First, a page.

Friday, December 28, 2001
Below we provide a performance review
of the PowerBook G4/550 compared to the PowerBook G4/500,
when running OS 10.1.
The 550 MHz machine has a 100 MHz System
Bus, a slightly higher processor clock speed, 256K of
full processor speed,on-chip L2 cache and a faster graphics
system, with 16 MB of dedicated graphics memory.
The 500 MHz machine also has a 100 MHz
System Bus, in place of the on-chip cache it has a back-side
cache of 1 MB running at half the processor speed. It
also has a slower graphics system and only 8 MB of graphics
As you will see from the scores below,
the lack of a large back-side cache in the newer 550
MHz PowerBook, stunts its performance in some tests,
when compared to the older 500 MHz PowerBook. However
the smaller speedier on-chip cache seems to have made
a big difference in one of our drive related tests,
where faster calculations on smaller amounts of data
were called for ... at least when running under Mac
If you are a person that likes to play
demanding games on your portable, the new 550 MHz PowerBooks
really shines over its predecessor, turning in 130%
better performance when running Quake III in 'Quality
So the overall performance of the new
low-end PowerBook is somewhat mixed, both when running
under Mac OS X and when
under OS 9. It is however Apple's budget professional
portable. The previous 500 MHz machine was Apple's top
of the line portable in its time. The 500 MHz machine
cost $3,499 when it was first released. The PowerBook
550 MHz machine was $2,199. So you get slightly worse
performance in some areas, much better performance in
some areas, all for $1,300 less.
"Real World" Tests
The tests below are from our suite of real world application
tests. These tests feature a diverse selection of applications
commonly used by the Mac community. The test suite was designed
to render an accurate and well rounded picture of a machine's
performance. All of the tests below were timed with a stopwatch.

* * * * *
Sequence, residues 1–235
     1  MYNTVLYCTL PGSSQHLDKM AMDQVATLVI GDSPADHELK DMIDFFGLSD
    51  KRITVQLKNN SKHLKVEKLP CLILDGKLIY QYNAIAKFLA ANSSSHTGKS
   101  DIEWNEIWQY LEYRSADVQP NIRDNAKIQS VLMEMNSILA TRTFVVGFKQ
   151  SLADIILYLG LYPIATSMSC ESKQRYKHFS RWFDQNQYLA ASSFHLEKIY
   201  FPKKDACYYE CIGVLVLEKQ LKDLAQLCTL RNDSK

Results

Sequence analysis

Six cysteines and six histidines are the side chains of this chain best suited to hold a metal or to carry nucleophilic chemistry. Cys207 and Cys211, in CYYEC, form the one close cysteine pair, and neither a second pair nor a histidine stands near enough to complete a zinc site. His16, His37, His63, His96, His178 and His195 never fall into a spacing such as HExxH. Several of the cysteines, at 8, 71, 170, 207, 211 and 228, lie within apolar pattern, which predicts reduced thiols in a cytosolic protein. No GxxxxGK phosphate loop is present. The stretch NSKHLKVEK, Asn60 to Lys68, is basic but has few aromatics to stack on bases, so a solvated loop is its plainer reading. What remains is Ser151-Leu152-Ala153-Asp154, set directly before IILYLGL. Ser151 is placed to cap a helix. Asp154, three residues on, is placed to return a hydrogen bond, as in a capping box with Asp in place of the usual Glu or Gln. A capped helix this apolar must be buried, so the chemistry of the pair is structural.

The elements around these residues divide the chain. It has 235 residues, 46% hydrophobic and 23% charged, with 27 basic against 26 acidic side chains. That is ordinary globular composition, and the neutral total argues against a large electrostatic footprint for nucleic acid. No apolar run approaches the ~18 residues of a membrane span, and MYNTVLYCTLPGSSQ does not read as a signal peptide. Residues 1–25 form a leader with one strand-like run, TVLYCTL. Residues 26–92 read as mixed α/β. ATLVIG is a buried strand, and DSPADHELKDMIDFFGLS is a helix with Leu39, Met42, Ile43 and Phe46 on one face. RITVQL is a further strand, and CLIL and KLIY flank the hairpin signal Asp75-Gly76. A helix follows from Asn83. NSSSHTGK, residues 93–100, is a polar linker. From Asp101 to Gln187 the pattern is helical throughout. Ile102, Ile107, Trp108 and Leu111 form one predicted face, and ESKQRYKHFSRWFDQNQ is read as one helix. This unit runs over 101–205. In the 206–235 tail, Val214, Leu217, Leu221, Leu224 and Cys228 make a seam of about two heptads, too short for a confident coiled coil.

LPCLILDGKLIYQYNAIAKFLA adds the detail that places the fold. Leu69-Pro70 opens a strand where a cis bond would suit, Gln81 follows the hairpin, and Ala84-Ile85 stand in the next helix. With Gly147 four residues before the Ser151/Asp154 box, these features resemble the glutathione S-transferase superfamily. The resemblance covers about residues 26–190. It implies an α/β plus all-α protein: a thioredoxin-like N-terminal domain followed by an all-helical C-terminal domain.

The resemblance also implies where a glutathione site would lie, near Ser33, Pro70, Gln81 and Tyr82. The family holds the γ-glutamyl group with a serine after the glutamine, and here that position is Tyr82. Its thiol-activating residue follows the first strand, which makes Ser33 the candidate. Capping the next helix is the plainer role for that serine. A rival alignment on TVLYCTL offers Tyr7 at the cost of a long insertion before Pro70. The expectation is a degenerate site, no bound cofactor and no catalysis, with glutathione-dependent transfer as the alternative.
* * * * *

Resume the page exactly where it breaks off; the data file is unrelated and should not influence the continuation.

The times are then converted to percentages relative to the
PowerBook G4/500, which is set to 100%. For all scores, higher
numbers are better.
Drive performance is what probably makes
the most difference in the above test
This was an interesting result because the perforrmance was
almost the opposite when
running under 9.2.1. Our feeling is that the fast 256K
of on-chip cache is what is helping the score of the newer
PowerBook. In some way OS X appears to be able to utilize
this speedy memory better than OS 9
This result was similar under both OS's.
Why the smaller cache of the 550 MHz machine would be an
issue hampering performance in this test is unclear.This test
creates and destroys 1,000 windows. See the program
site for more info
Large document is scrolled from one end to
the other using Classic OS through OS 10.1
Large Document & Database Type Test
This test takes place in a large AppleWorks
document. This results is also somewhat of a mystery. In past
comparisons we have noted that a larger, but slower, L2 cache
does better in this test than a faster smaller cache. Indeed
when comparing these two machines under OS 9, this is the
case ... by a wide margin. So why the newer PowerBook is doing
better here, under OS X, is not clear.
Number Crunching & Rendering Tests
Obviously the newer PowerBook has a lot of processing punch,
when it can be tapped. The Fractal
program has been highly tuned to take advantage of the G4
and is precisely the type of work that the G4 was made for.
This test gets movie files ready for Web streaming
movies to DV allows you to import them into iMovie
The above 3 test require a lot of data fetching
and it appears that the larger cache trumps a faster processor...
Pretty much a tie .. see StuffIt
A Sorenson encode and the AltiVec Fractal
are performed at the same time... no clear lead means the
slower clocked PowerBook is the winner.
Here the Sherlock Index Test and the AppleWorks Search and
Replace tests are run at the same time. Curiously the 550
MHz machine beat the 500 MHz one when these two tests were